clock menu more-arrow no yes

Filed under:

Monday's Three Astros Things

New, 70 comments

Talking about James Shields, pitch sequencing and Rob Manfred on steroids...

Some things to talk about while we mourn the loss of the Fan Cave...

1) James Shields signs with Padres

Dangit. Another fifth starter candidate signed.

The Padres have agreed to sign free agent right-hander James Shields to a four-year contract that includes a club option for a fifth season, according to major-league sources. The deal is currently pending a physical, and is likely to be announced early in the week. Shields will receive $75 million guaranteed, and the fifth-year option is for $16 million.

Seems like a lot of money, especially this late in the process. This may also get the Cole Hamels ball rolling again. Are there any dominoes left to drop?

2) Pitch sequencing stuff

Some very smart, interesting stuff going on in this piece over at Baseball Prospectus on pitch sequencing. The article breaks down Jordan Zimmerman's approach with Christian Yelich.

This is a great way to visualize so many of the cutting-edge things baseball research is doing. You've got visuals of the pitch locations. You've got heat maps and usage patterns of those pitches for Zimmerman. Yet, the conclusion is far from...conclusive.

Which is why one of the new Hilbert Problem-style questions posed by Dan Turkenkopf in Extra Innings ("What is the most effective way to sequence pitches?") is likely to go unanswered. It doesn't help our odds that Turkenkopf wasn't after a backward-looking model. He wanted something that informed choices rather than explained them. Some three years (and a few valiant efforts) after Turkenkopf asked his question, we still don't have a worthwhile response.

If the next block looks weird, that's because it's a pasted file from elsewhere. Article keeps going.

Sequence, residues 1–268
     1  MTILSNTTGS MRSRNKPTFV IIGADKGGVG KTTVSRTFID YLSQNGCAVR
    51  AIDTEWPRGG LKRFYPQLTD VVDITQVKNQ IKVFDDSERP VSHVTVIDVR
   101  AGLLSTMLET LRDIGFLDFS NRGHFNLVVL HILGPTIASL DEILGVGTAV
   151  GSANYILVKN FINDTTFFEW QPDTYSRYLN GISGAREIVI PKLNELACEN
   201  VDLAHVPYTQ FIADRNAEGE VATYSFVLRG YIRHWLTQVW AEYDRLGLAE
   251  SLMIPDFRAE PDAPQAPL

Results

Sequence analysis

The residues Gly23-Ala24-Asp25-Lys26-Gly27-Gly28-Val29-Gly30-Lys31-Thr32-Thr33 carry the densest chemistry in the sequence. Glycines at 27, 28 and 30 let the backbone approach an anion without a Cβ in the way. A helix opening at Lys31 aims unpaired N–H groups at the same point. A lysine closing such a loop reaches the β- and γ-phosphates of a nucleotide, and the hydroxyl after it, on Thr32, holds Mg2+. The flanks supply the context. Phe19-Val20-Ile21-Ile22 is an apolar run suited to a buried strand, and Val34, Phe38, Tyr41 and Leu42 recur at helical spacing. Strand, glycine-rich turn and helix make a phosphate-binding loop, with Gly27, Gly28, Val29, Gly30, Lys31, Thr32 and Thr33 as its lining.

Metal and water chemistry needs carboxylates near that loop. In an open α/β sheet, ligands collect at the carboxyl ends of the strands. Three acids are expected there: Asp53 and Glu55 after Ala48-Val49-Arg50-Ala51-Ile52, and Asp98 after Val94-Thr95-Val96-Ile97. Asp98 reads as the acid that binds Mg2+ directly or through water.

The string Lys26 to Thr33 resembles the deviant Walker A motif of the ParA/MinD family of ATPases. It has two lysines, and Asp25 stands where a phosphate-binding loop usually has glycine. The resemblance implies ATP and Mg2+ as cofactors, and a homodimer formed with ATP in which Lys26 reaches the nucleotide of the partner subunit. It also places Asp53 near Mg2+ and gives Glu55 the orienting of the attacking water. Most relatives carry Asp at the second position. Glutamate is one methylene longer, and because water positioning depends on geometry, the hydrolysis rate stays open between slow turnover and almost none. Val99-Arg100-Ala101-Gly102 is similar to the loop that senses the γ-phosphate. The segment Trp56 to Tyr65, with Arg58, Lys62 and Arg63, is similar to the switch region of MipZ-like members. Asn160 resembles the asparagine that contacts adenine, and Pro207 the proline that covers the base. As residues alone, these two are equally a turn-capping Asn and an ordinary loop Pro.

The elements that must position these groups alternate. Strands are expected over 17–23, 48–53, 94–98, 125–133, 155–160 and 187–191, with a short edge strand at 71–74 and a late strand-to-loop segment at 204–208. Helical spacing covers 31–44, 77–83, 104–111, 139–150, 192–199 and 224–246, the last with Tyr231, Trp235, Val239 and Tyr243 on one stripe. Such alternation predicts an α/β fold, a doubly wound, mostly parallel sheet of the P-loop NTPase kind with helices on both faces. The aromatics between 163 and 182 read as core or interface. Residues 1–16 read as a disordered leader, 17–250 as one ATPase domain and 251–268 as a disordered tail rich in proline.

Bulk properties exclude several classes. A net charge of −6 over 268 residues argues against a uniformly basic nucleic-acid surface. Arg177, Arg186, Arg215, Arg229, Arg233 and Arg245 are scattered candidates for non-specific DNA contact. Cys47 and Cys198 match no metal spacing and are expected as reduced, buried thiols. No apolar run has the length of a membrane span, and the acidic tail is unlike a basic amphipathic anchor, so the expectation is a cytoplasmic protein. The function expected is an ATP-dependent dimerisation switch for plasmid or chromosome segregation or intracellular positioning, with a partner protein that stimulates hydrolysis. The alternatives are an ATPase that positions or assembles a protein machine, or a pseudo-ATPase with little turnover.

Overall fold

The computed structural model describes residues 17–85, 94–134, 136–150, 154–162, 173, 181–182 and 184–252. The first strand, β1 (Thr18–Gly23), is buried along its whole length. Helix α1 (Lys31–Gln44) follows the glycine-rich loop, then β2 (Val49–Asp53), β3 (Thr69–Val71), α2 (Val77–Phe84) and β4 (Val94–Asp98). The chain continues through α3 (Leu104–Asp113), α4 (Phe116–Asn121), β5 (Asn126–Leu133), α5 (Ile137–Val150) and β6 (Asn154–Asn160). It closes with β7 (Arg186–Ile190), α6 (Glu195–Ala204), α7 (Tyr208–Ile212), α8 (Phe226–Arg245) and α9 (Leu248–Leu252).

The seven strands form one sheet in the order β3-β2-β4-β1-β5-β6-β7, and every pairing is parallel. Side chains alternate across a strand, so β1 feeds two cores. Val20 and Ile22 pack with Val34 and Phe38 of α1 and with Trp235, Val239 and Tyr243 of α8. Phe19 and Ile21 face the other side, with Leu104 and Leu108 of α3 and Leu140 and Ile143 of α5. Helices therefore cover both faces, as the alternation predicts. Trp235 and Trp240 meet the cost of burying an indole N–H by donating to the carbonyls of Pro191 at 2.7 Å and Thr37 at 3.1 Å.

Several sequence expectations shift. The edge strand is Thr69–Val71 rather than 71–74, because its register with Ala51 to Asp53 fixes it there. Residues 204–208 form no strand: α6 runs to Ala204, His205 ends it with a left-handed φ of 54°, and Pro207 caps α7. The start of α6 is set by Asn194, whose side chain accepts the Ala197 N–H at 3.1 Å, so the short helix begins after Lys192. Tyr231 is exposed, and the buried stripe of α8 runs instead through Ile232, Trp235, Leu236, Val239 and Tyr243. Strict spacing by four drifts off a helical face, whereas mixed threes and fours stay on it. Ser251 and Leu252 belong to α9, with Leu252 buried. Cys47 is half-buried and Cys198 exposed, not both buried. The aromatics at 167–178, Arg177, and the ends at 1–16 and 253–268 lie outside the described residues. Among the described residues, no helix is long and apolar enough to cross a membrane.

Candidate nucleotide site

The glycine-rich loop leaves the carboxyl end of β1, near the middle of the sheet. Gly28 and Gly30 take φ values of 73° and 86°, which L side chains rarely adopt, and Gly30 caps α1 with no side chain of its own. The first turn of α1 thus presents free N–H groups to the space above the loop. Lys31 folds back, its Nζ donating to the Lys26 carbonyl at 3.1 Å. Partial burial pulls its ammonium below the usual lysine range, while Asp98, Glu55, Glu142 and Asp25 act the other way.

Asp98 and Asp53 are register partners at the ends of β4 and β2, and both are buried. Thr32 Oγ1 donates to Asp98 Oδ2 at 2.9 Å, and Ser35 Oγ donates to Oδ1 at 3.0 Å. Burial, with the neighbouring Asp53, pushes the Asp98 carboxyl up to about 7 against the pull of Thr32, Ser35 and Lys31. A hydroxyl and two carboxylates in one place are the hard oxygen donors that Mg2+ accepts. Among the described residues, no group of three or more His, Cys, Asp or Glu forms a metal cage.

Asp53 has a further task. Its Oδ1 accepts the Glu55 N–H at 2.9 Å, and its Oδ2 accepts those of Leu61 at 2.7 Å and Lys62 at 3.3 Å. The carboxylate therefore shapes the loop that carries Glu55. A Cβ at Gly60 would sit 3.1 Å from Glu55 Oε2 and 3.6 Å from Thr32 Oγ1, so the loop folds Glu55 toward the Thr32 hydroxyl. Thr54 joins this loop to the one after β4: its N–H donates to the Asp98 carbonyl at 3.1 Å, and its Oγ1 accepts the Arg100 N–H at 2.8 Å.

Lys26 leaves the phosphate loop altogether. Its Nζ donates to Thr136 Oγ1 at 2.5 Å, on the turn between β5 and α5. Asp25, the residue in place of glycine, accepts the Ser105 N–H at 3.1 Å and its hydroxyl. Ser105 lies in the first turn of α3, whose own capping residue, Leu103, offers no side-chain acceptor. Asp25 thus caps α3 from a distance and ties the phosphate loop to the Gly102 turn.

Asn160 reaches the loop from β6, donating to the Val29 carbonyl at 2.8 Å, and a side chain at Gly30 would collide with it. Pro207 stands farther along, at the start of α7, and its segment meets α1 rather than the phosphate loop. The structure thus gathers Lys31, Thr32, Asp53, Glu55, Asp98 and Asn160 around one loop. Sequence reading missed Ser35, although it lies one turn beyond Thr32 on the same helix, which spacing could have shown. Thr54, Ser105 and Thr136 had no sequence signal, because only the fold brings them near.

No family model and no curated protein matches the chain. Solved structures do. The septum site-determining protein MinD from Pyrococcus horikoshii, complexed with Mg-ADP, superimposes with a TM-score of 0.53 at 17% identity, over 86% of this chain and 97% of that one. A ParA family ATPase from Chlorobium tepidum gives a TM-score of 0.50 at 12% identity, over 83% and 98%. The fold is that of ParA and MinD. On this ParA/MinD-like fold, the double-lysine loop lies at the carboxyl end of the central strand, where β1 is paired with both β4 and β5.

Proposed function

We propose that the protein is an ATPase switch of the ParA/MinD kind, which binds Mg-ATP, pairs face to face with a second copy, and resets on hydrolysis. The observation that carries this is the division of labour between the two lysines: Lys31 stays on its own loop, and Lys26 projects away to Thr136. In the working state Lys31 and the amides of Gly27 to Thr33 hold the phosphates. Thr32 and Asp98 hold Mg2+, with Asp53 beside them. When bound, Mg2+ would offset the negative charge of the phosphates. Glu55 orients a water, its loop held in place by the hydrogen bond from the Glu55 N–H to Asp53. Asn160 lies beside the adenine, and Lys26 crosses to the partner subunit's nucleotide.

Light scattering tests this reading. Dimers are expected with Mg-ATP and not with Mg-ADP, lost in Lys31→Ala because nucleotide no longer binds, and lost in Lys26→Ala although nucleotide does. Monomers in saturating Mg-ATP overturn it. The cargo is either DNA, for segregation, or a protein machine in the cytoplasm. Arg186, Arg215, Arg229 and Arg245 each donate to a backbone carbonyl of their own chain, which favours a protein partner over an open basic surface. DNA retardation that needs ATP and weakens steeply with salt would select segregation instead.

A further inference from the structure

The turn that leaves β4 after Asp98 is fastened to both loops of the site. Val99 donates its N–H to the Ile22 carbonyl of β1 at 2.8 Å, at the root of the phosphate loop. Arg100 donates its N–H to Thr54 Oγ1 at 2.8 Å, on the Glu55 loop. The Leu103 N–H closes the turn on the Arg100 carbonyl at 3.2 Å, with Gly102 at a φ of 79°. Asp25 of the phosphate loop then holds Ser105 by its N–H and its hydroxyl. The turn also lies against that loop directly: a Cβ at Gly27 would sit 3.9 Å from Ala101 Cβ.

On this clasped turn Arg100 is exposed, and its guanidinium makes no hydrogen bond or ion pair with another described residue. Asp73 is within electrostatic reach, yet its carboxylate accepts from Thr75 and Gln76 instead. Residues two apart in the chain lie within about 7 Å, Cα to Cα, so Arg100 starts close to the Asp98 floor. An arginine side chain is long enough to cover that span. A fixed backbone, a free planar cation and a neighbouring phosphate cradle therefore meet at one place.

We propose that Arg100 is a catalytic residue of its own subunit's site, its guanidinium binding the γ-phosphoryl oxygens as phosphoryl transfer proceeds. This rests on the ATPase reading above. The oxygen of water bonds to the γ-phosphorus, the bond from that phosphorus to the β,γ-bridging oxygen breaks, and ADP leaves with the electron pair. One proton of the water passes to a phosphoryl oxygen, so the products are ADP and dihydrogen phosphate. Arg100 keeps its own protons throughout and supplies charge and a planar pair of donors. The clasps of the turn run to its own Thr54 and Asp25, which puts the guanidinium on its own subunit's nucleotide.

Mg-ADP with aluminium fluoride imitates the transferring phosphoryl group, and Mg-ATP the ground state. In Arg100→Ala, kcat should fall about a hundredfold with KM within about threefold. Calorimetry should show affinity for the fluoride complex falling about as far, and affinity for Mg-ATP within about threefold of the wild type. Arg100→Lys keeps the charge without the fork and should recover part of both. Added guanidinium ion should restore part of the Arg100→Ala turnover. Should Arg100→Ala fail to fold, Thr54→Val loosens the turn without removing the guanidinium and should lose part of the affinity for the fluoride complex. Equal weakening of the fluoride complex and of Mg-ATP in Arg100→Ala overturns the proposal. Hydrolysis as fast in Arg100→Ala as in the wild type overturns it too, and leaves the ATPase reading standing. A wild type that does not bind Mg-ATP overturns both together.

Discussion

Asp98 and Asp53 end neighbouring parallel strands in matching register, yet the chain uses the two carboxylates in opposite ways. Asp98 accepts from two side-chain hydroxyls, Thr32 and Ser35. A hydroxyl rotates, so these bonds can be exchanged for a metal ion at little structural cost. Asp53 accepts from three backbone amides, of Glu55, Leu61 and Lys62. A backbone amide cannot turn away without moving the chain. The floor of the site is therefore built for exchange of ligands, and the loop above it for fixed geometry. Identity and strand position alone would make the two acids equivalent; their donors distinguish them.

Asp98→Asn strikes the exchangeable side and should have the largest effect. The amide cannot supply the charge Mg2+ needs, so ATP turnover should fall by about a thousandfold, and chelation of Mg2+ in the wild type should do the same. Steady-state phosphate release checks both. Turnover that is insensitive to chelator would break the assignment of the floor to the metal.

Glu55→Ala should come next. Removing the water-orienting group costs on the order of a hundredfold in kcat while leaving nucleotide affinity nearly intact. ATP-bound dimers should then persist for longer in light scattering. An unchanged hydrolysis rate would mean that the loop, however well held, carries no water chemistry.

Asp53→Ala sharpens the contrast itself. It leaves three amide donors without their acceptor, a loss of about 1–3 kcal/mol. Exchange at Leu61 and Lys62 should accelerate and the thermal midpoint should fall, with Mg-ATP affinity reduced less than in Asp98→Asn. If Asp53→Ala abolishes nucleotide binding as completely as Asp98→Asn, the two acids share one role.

The truth is, we probably never will. Zimmermann's efforts against Yelich give you a good idea of why. There are too many variables locked away in strangers' minds, the world's finest black boxes, to know when we're looking at a bigger plan than throwing your best pitches over and over. If "Jaws" taught us anything, it's that you need to be certain you caught the right shark-or the left shark, as the kids say these days-and we'll never be sure we can make the distinction.

If anything, this shows the finite limit of quantitative analysis in baseball. There are so many things happening over the course of a season, statistical analysis done at a high level is the only way to suss out some trends. Yet, there will always be things that just can't be defined by the numbers.

That's a good lesson for anyone who either is a full-on subscriber to advanced metrics or people who are skeptical of them. Look at what we can do. Look where we can't ever go.

3) Manfred on steroid suspicions

This summer will be glorious, no matter how well or poorly the Astros play. It could be 100 degrees for all of June, July and August and things will still be bearable.

Craig Biggio will wear an Astros hat in Cooperstown.

But, Astros fans can't completely celebrate. Longtime Biggio teammate Jeff Bagwell arguably has a better Hall of Fame case than Bidge. Yet, he hasn't come close to the 75 percent of the vote needed for induction.

Part of that could be due to his shortened career, thanks to that arthritic shoulder, but part of it has to do with being a power hitter in the prime of the Steroid Era. New baseball commissioner Rob Manfred talked about steroids recently and his quotes should be heartening for Bagwell supporters.

Here's the money quote from Manfred, provided by SB Nation's incomparable Grant Brisbee:

"I think it's unfair," Manfred said, in answer to a follow-up question, "for people to surmise that Player A did X, Y or Z, absent a positive test, or proof that we produced in an investigation, or whatever. I just think it runs contrary to a very fundamental notion in our society, that you're innocent until somebody proves you're guilty."

That's all I want. I want a Hall of Fame where guys are judged against their peers, without unsubstantiated rumors. I want a Hall of Fame that reflects the history of baseball, as grimy and imperfect as it is.

We will never know who used and who didn't in this arbitrary time frame. There were guys who used before the 1990's and early 2000's. There will be more guys who use and don't get caught.

None of that should diminish Bagwell's career, which was about as good as any career a first baseman ever had. Let's hope Manfred's words find the ears of those Hall voters. Let's hope they have an impact.